40 of 41 people found the following review helpful
A Spanish classic, by fermed,
This review is from: The Foods and Wines of Spain (Hardcover)
In 1982 Penelope Casas published the finest book of Spanish cookery ever. It is now in its 11th printing. Although she has written other books on the cuisines of Spain, "The Foods and Wines of Spain" has biblical standing among cooks. For her culinary expertise she has been honored by the government of Spain, but more importantly, she had built a following of gastronomes of all stripes who swear by her recipes. Their authenticity is never in question: she is an indefatigable researcher who goes back to the kitchen and discusses things with the local artists and then includes those recipes and techniques in her book. If a few of the dishes don't taste exactly as they did in Spain it is because not all the ingredients are available here. Still, Ms. Casas gives advice about reasonable substitutes, and now that serrano ham and some chorizos are allowed to be imported, such substitutions can be kept to a minimum.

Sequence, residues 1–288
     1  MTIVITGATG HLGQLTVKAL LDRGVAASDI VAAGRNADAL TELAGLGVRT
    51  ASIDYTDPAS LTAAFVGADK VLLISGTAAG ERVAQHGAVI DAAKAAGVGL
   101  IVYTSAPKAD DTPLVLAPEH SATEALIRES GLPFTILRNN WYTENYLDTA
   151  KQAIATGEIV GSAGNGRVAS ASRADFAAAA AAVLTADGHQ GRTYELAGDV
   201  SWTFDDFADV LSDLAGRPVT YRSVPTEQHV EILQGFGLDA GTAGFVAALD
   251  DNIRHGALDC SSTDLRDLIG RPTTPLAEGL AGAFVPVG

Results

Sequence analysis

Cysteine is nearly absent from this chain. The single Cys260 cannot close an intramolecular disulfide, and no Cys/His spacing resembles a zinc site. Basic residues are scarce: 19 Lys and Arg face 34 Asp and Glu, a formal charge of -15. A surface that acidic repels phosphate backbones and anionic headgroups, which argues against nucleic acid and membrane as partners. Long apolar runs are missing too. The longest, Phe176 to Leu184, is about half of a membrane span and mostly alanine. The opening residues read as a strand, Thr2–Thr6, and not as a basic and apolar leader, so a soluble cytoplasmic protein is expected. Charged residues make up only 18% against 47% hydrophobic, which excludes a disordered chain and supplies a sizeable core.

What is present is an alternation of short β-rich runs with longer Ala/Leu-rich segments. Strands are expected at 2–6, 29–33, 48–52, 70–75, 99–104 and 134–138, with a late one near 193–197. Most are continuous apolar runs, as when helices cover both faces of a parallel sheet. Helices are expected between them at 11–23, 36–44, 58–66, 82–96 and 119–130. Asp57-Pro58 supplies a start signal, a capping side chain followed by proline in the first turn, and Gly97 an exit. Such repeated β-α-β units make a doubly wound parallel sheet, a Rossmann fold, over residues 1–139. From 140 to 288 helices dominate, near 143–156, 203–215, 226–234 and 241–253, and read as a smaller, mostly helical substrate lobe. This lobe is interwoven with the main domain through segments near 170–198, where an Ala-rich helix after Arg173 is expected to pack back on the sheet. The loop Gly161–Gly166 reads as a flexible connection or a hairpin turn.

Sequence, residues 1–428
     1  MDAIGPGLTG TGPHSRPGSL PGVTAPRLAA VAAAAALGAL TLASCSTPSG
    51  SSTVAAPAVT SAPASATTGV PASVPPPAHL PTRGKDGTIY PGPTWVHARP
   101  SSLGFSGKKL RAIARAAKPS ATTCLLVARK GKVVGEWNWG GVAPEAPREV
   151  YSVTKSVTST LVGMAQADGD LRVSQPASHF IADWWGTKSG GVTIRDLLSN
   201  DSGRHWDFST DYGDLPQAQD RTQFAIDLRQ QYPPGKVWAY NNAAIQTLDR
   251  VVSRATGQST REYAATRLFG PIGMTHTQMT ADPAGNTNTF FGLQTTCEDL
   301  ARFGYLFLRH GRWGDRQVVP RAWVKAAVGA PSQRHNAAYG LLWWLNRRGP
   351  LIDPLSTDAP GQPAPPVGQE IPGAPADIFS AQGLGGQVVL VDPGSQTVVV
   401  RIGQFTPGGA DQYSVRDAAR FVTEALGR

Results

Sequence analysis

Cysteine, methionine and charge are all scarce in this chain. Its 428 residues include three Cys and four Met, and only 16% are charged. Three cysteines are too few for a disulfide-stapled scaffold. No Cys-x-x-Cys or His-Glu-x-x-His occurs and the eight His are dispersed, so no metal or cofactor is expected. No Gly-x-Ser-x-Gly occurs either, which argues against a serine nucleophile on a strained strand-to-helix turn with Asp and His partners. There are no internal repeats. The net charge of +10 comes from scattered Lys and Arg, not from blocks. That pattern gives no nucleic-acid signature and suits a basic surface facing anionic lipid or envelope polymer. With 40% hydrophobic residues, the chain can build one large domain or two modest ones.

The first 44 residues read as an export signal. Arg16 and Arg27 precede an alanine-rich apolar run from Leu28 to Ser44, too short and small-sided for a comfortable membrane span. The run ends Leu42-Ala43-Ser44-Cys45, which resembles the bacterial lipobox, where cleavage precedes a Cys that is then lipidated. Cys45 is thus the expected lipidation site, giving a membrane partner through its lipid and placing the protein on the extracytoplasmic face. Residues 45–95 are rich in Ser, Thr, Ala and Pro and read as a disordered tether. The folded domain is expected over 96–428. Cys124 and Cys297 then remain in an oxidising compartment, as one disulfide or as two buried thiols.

The book contains not one but two recipes for garlic soup, simple to make by even beginning cooks, and highly addictive. The "arroz a banda" described is one of the more subtle and satisfying of the rice dishes; and of course there is the paella (about which Ms. Casas has written a separate book). In this volume its recipe appears a bit intimidating, but it is essentially easy to prepare if one does not think too much about it beforehand.
For those cooks who need exact formulas and pharmacy-like precision in their ingredients, this book will please them. For those who are relativists with active imaginations, the book will also satisfy by pointing them in the right direction: pork chops with prunes, duck with olives in sherry sauce, baked porgy and peppers with brandy, chicken with figs. Yum.